Breaking News
Comments
Newest First | Oldest First | Threaded View
Page 1 / 3   >   >>
Noko0
User Rank
Author
Fingerprint data storage
Noko0   10/5/2013 10:08:53 AM
Fully in line...look for NVM not for SRAM. so rather look into M7 (which has both large quantity of embedded flash, and encryption capability). PS: it would be worth to have floor plan analysis of M7 as well, and get evaluation of technology used and embedded flash size.

jamescpwang
User Rank
Author
Re: The 3MB SRAM may be an image data buffer for GPUs
jamescpwang   10/2/2013 10:45:31 PM
Apple and tsmc rescue Apple iPhone 5S fingerprint identification chip.

The article was published in DigiTimes on August 12, 2013 in Chinese and the partial abstract is translated in English and listed below for your reference:

1)      Fingerprint ID chip production was not ready until July, 2013 by assembly issues in Xintec. The original mass production schedule of the ID chip was in May, 2013.

2)      Apple sent technical people to Taiwan and work with tsmc engineers to solve assembly and test issues in Xintec (wholly own OSAT by tsmc).

3)      Apple iPhone 5S fingerprint ID chip gets 30,000 8" wafer per month capacity from tsmc.

4)      The schedule delay may be related to a) the incompatibility between IOS7 software and ID chip hardware; b) ID chip is interfered by Sapphire blue paint and c) the new assembly methodology that results in very low yield.

5)      Both Apple and tsmc have confidence that the low yield problem will be solved and the mass production will be started by the end of August.

This may imply that the 3MB SRAM is not for storing fingerprint data and the separated fingerprint ID chip may have EEPROM on 8" wafer.

rick merritt
User Rank
Author
Re: The 3MB SRAM may be an image data buffer for GPUs
rick merritt   10/1/2013 3:44:20 PM
One engineer with a background at mobile SpoC companies told me today its closer to a 4 Mbyte block than 3MB. He also said he believes its a L3 cache.

wave.forest
User Rank
Author
The 3MB SRAM may be an image data buffer for GPUs
wave.forest   10/1/2013 7:57:02 AM
It may not be the GPU cache since to support cache mechanism, a cache controller is needed. This big SRAM may be an image buffer, say, to be used as ping-pong buffer, to process HD videos.

In addition, I agree it doesn't look like an L3 - not only too far away from CPU, but also no controller connected.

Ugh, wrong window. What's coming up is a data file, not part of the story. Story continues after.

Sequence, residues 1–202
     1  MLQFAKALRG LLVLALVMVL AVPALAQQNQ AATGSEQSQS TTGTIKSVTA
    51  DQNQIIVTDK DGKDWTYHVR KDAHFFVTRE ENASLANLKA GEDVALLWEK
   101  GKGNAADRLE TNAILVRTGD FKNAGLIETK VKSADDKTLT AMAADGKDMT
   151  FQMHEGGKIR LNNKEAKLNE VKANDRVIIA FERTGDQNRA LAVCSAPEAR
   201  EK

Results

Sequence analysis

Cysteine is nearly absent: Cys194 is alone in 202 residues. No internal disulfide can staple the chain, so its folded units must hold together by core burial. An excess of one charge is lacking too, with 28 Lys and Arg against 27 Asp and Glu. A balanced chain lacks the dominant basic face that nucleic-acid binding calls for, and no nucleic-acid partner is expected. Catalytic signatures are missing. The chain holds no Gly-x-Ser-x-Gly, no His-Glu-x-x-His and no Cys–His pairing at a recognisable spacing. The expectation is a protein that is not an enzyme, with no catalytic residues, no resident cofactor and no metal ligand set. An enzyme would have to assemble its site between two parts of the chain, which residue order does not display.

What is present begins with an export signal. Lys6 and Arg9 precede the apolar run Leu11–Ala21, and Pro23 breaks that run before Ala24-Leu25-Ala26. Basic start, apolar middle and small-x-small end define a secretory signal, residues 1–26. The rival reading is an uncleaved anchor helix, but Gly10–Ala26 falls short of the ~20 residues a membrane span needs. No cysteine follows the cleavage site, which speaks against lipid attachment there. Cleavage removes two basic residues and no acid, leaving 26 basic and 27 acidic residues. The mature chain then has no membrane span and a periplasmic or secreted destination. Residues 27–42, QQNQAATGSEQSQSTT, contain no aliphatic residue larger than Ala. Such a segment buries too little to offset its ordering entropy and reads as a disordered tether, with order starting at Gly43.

rick merritt
User Rank
Author
Re: Fingerprint data storage
rick merritt   9/30/2013 8:13:47 PM
Agreed, this ~3 MByte block is probably a GPU cache

Frank Eory
User Rank
Author
Re: Fingerprint data storage
Frank Eory   9/30/2013 4:01:12 PM
Bastian, that -- GPU cache -- is the most logical argument yet.

Bastian.Schick
User Rank
Author
Re: Large on-chip RAM
Bastian.Schick   9/30/2013 3:53:39 PM
They do not store the fingerprint itself. Rather they store a hash value which is smaller than the actual scan data.

Bastian.Schick
User Rank
Author
Re: Fingerprint data storage
Bastian.Schick   9/30/2013 3:50:44 PM
I have to say, that I doubt it is 3rd level cache. For one, it is to far away from the 2nd level cache. Second (correct me if I am wrong), I never saw an ARM architecture with 3rd level cache.

Also, I doubt it is GPU framebuffer, as it is far to small.But I think it is a GPU cache. It is directly between the GPU-SDRAM interface and the GPU..

rick merritt
User Rank
Author
Re: Fingerprint data storage
rick merritt   9/30/2013 12:14:23 AM
I'm guessing the 3MByte is L3 cache or perhaps a private frame buffer memory for the quad core GPU.

wilber_xbox
User Rank
Author
Re: Fingerprint data storage
wilber_xbox   9/29/2013 1:00:15 PM
Apple patented the fingerdata verification techinique for mobiles in very recently infact in 2012 they filed for the patent. I do not know where they store this information but 3MB looks rather too much for just few fingerprint.

Page 1 / 3   >   >>


Datasheets.com Parts Search

185 million searchable parts
(please enter a part number or hit search to begin)
Radio
NEXT UPCOMING BROADCAST

What are the engineering and design challenges in creating successful IoT devices? These devices are usually small, resource-constrained electronics designed to sense, collect, send, and/or interpret data. Some of the devices need to be smart enough to act upon data in real time, 24/7. Are the design challenges the same as with embedded systems, but with a little developer- and IT-skills added in? What do engineers need to know? Rick Merritt talks with two experts about the tools and best options for designing IoT devices in 2016. Specifically the guests will discuss sensors, security, and lessons from IoT deployments.
Most Recent Comments
resistion
 
milind_vlsi
 
David Ashton
 
David Ashton
 
David Ashton
 
David Ashton
 
Tim R Johnson
 
dt_hayden
 
dt_hayden
Like Us on Facebook
Special Video Section
LED lighting is an important feature in today’s and future ...
05:27
The LT8602 has two high voltage buck regulators with an ...
05:18
The quality and reliability of Mill-Max's two-piece ...
01:34
Why the multicopter? It has every thing in it. 58 of ...
Security is important in all parts of the IoT chain, ...
Infineon explains their philosophy and why the multicopter ...
The LTC4282 Hot SwapTM controller allows a board to be ...
This video highlights the Zynq® UltraScale+™ MPSoC, and sho...
Homeowners may soon be able to store the energy generated ...
The LTC®6363 is a low power, low noise, fully differential ...
See the Virtex® UltraScale+™ FPGA with 32.75G backplane ...
Vincent Ching, applications engineer at Avago Technologies, ...
The LT®6375 is a unity-gain difference amplifier which ...
The LTC®4015 is a complete synchronous buck controller/ ...
10:35
The LTC®2983 measures a wide variety of temperature sensors ...
The LTC®3886 is a dual PolyPhase DC/DC synchronous ...
The LTC®2348-18 is an 18-bit, low noise 8-channel ...
The LT®3042 is a high performance low dropout linear ...